Soybean cyst nematode resistant soybeans help with control–but only with rotation

In Delta Farm Press

New University of Missouri Extension plant pathologist Kaitlyn Bissonnette brings research on soybean cyst nematode (SCN) management to Missouri.

SCN numbers are growing in Missouri as farmers devote more acres to soybean production. SCN infests about 75 percent of Missouri fields, according to a recent survey by MU College of Agriculture, Food and Natural Resources researcher Melissa Mitchum. Many of these fields have high SCN egg counts. Continue reading

Distinguishing Diseases from Chemical Injury in Soybean

Author: Heather Marie Kelly, Extension Plant Pathologist, University of Tennessee

Soybean diseases and chemical injury can be difficult to correctly diagnose in the field. Some general information about diseases in soybean and common chemical injury follow to help distinguish between the two. Continue reading

Grower alert: Frogeye leaf spot now in Alabama soybeans

In Southeast Farm Press

by Paul Hollis

Frogeye leaf spot (FLS) has been observed in numerous fields in central and north Alabama in recent days, according to Ed Sikora, Auburn University Extension plant pathologist.

The disease, he explains, is caused by the fungus Cercospora sojina and can infect leaves, stems and pods of soybeans.

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Sudden Death Syndrome in Soybean showing up in Tennessee

From the UTCrops News Blog

by Heather Young Kelly, Extension Plant Pathologist

Sudden Death Syndrome (SDS) has started showing up in soybean fields in Tennessee. The cool, wet season Tennessee has experienced, similar to last season, has been conducive for the disease to develop in susceptible varieties.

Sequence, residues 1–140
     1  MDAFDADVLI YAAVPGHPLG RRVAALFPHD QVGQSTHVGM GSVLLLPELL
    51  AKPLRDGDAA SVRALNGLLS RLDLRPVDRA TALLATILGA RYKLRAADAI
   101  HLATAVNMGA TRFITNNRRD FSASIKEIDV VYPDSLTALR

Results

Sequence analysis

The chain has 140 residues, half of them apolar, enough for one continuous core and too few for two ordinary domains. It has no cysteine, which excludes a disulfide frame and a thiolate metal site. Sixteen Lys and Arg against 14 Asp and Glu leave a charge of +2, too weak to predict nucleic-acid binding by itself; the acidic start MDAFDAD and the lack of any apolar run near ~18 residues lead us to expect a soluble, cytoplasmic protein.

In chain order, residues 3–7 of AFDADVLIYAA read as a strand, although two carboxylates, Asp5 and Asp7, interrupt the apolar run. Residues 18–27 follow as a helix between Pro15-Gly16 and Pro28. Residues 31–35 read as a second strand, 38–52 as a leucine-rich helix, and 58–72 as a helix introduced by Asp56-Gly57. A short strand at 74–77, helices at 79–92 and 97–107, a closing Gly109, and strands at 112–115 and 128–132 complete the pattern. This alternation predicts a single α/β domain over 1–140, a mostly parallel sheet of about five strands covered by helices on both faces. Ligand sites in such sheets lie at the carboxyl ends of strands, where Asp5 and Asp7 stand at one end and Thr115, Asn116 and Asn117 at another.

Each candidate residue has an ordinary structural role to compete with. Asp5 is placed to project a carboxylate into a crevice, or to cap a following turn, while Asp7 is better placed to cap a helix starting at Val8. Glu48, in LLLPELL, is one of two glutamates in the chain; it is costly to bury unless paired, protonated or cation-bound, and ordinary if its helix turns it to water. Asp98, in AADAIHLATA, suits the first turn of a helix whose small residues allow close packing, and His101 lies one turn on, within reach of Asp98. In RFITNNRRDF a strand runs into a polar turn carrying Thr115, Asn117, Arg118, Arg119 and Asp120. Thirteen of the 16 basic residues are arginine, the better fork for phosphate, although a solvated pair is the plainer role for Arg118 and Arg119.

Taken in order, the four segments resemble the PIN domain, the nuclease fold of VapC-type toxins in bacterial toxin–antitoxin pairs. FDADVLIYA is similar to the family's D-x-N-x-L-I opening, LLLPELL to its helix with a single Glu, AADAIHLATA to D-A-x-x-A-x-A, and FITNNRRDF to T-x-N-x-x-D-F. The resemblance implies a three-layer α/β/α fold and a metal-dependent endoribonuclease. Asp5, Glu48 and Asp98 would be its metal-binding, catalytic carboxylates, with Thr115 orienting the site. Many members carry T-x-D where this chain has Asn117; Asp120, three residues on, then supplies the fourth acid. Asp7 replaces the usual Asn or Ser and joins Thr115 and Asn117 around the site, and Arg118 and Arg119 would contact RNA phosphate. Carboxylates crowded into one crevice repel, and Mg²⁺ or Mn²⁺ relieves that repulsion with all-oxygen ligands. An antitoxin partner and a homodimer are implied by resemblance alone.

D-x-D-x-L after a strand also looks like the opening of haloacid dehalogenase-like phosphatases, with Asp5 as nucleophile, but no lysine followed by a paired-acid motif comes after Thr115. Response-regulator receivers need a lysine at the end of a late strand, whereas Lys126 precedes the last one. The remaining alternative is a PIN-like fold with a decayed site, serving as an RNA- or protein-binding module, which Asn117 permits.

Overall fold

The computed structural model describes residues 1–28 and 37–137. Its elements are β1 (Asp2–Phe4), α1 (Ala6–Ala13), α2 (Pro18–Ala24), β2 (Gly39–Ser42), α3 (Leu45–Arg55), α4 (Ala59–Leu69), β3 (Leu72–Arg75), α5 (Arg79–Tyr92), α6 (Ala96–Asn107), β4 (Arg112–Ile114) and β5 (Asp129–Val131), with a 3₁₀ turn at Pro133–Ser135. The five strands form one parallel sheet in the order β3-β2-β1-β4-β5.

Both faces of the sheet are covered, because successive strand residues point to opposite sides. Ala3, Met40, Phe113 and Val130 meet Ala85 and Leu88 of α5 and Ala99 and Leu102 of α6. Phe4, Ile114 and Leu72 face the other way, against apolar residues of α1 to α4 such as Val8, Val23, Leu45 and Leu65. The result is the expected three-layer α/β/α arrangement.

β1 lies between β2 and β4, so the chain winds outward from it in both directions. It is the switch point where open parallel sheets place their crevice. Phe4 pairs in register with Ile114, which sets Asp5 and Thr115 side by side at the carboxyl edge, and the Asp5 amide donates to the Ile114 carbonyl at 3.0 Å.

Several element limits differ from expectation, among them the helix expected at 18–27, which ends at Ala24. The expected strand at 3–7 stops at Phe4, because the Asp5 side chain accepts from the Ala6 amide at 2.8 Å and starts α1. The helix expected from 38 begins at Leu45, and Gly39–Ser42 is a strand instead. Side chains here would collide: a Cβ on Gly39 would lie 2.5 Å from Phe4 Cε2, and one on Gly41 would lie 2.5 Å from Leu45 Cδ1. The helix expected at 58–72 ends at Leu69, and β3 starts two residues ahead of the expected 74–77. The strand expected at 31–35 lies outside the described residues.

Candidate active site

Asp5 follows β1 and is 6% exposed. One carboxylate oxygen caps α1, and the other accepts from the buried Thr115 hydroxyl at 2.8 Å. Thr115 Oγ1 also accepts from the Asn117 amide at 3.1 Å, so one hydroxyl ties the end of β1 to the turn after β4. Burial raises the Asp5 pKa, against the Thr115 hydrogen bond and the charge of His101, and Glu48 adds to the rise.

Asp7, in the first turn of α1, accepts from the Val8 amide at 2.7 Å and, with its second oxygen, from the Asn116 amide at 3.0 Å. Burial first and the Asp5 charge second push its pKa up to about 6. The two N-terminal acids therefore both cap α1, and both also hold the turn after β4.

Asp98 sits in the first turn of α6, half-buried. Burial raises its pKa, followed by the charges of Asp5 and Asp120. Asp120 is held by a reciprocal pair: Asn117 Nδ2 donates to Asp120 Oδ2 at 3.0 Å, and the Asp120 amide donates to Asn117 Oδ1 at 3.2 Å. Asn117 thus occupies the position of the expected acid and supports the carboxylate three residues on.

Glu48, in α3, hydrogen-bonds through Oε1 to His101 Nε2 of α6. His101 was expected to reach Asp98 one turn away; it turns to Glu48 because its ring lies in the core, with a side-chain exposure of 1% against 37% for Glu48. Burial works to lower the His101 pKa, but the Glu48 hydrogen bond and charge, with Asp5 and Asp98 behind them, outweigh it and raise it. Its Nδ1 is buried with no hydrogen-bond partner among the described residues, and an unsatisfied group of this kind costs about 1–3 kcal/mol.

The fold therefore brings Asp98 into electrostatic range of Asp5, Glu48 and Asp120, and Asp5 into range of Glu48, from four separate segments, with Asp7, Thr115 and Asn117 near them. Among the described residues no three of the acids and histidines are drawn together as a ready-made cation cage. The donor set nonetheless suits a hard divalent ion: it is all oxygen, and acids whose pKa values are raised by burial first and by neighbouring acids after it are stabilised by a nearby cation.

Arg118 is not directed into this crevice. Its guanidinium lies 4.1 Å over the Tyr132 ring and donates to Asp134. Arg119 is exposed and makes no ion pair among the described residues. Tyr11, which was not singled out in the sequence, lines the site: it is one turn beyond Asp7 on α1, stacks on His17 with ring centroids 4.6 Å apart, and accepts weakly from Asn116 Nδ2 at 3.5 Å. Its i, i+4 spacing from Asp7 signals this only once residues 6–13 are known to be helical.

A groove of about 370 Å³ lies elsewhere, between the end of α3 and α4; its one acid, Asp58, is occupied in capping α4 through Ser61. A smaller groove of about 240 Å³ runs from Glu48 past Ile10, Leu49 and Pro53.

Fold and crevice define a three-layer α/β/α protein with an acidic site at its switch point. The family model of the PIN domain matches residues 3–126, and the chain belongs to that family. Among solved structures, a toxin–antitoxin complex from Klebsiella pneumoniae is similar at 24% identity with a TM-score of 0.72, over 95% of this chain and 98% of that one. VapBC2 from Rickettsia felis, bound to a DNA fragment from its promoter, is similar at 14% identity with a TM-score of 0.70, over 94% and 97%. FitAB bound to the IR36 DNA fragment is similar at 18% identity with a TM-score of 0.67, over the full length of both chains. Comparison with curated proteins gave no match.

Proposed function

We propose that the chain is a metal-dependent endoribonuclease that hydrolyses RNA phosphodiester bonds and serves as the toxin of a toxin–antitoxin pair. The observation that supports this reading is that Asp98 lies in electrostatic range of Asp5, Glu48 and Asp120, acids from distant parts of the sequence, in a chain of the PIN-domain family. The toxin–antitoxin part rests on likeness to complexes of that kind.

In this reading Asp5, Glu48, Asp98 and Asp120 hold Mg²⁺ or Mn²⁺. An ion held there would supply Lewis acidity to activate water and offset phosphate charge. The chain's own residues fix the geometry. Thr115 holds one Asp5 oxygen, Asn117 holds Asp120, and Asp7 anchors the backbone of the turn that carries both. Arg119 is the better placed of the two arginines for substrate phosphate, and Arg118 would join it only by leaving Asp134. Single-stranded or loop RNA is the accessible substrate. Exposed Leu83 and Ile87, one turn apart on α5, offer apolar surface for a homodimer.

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Soybean sudden death syndrome worse than expected

In Southeast Farm Press

By Don Hershman, UK Extension Plant Pathologist

Soybean sudden death syndrome caused by the soil-borne, root-rotting fungus, Fusarium virguliforme, is evident in soybean fields across Kentucky. I have come to realize that the disease is causing more damage than I had initially thought. This is unusual.

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Disease resistance breakthrough could improve soybean profits

In Southeast Farm Press

By Steve Leer

, Purdue University

Purdue University researchers have identified two genes within the soybean genome that are highly resistant to a soilborne pathogen that causes Phytophthora root and stem rot, a disease that costs U.S. soybean growers more than $250 million annually in lost yield.

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New test determines viability of soybean rust spores

Spores from Asian soybean rust (Phakopsora pachyrhizi) pose a serious threat to soybean production in the United States because they can be blown great distances by the wind.

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